COLORADO — With Colorado's election accessibility and security receiving national accolades, the first presidential primary in the state in 20 years caused some headaches for voters, especially supporters of candidates who dropped out days before Super Tuesday.
For voters who cast a vote for a candidate who left the race, their votes may or may not be counted. A candidate needed to officially withdraw with the Secretary of State's office in order for the votes to not count. Otherwise, the votes would go to the candidate - even if they were no longer in the race.
It's because of this primary election that Secretary of State Jena Griswold wants to take a closer look at "ranked choice voting" in Colorado. This is where voters rank their candidates on a scale instead of only selecting one candidate.
The process is not uncommon. Many cities and states use ranked choice voting in some elections.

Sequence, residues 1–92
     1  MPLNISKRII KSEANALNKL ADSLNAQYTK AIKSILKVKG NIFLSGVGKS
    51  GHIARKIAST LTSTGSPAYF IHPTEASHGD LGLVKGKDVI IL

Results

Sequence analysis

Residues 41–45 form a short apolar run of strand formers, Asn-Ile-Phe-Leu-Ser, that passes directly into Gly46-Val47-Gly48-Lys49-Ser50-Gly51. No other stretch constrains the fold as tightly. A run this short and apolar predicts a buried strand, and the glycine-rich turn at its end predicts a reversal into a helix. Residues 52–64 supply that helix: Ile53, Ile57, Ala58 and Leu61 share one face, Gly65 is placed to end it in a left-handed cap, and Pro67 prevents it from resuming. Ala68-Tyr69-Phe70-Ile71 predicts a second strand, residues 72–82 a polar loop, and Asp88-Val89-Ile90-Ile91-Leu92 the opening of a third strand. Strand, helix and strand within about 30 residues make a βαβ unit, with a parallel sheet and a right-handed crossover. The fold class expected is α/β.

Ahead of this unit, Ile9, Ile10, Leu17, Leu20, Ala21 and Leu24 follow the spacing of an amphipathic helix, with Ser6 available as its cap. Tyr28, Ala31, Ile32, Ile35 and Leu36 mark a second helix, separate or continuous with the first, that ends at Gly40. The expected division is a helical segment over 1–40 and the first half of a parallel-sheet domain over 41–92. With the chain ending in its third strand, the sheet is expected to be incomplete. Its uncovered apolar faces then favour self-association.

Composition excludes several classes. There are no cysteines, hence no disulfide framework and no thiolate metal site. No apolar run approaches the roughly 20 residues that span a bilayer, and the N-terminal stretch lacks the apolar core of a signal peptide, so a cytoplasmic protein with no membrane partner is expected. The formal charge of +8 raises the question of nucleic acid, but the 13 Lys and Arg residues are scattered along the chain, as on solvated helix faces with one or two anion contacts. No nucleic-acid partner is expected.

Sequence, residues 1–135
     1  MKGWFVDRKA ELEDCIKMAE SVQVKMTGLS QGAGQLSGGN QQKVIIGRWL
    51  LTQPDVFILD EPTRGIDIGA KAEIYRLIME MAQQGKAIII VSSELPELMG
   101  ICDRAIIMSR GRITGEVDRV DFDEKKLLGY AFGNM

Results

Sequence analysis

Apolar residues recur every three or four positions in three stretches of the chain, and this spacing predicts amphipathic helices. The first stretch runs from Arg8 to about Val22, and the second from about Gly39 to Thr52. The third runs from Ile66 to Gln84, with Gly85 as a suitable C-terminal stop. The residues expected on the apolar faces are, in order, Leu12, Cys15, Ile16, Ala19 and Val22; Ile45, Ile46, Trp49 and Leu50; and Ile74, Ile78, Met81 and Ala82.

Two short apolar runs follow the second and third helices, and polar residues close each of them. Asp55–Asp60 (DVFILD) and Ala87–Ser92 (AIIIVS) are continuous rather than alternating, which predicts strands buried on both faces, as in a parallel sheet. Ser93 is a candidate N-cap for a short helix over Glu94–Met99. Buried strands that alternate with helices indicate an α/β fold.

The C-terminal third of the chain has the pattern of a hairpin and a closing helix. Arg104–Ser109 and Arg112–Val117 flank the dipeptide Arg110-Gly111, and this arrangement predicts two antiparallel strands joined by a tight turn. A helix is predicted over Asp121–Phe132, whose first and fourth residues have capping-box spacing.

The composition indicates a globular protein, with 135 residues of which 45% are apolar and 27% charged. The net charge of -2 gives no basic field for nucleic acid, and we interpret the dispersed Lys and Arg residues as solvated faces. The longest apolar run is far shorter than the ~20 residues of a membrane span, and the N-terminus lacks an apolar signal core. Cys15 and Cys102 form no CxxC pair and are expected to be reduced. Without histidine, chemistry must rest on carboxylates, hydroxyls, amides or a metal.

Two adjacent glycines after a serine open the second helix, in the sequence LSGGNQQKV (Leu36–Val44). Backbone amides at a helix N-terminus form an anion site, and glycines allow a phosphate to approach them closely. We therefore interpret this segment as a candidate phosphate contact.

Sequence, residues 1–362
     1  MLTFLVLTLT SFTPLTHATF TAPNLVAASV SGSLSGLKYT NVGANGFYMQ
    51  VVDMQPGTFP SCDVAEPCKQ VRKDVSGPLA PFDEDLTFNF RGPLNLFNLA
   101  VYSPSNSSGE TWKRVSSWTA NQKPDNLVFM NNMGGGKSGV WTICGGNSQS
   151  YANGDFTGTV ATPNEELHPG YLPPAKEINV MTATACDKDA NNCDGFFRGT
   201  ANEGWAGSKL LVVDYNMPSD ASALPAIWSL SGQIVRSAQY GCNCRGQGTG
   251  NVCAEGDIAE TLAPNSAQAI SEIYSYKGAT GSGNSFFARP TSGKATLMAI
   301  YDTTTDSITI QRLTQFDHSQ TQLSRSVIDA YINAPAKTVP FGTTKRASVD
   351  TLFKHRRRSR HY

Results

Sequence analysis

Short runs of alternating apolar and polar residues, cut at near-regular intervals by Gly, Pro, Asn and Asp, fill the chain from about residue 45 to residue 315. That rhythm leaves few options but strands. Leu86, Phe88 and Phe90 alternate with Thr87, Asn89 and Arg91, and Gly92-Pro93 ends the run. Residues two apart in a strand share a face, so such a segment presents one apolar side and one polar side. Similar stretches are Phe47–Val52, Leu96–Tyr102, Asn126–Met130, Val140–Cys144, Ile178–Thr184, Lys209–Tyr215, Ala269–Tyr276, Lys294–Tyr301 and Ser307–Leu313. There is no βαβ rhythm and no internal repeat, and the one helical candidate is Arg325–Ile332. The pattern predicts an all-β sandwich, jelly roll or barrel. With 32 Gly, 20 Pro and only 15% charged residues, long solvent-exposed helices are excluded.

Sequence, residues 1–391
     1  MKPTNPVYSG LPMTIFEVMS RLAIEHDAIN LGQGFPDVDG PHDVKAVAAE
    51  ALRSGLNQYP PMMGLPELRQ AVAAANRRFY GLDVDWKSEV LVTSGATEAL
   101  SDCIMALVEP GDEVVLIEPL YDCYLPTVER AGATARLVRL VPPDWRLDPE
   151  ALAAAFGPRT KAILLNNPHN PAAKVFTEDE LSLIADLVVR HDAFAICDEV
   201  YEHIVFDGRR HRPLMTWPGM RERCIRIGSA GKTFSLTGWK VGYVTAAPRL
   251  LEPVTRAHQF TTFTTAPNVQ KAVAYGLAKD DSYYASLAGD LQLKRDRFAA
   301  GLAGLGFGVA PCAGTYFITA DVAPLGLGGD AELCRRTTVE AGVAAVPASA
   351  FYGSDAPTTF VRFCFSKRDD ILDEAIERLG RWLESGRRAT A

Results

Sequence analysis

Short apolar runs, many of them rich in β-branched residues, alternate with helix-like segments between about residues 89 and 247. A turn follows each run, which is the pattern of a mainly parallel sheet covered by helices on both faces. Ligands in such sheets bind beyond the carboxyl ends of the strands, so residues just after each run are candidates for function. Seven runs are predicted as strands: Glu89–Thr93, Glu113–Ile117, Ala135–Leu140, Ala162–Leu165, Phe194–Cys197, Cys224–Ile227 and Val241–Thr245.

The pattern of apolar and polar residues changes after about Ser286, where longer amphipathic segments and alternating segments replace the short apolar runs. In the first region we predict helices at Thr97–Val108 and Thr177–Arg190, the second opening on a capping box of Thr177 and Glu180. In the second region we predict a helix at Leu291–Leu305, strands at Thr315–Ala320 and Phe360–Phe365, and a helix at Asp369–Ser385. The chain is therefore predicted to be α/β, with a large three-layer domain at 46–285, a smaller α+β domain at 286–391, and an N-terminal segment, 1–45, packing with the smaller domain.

State lawmakers, such as Senator Julie Gonzalez (Denver-D), voiced their concerns on Twitter this week. "There is a fix for this called RANKED CHOICE VOTING." the Senator tweeted.
The idea is that the voters who may have voted for a candidate who dropped out, may still have their vote counted for a candidate that may have been their second or third choice. It's a process former Secretary of State Wayne Williams says comes with some challenges.
"The questions people have to ask are 'are the advantages something that outweigh the disadvantages?'" Williams said.
Williams says one advantage is it could give other candidates more votes, and possibly a better chance at the majority. Williams does have concerns over how it could impact voter turnout, as well as additional money in elections.
"The more information people have the more likely people are to vote," said Williams, who voiced concerns over voters having knowledge of all the candidates on a ballot. He used the example of the city council race in Colorado Springs this past spring. Williams won one of three seats up for election with eleven candidates running.
"I know who my first three choices were, I'm not sure how I would've ranked eighth, ninth, and 10th and I went to all the forums!" Williams said.
While other cities and states still use ranked-choice voting, there are also some cities that have adopted ranked-choice and later repealed it. One of those cities includes Aspen, Colorado.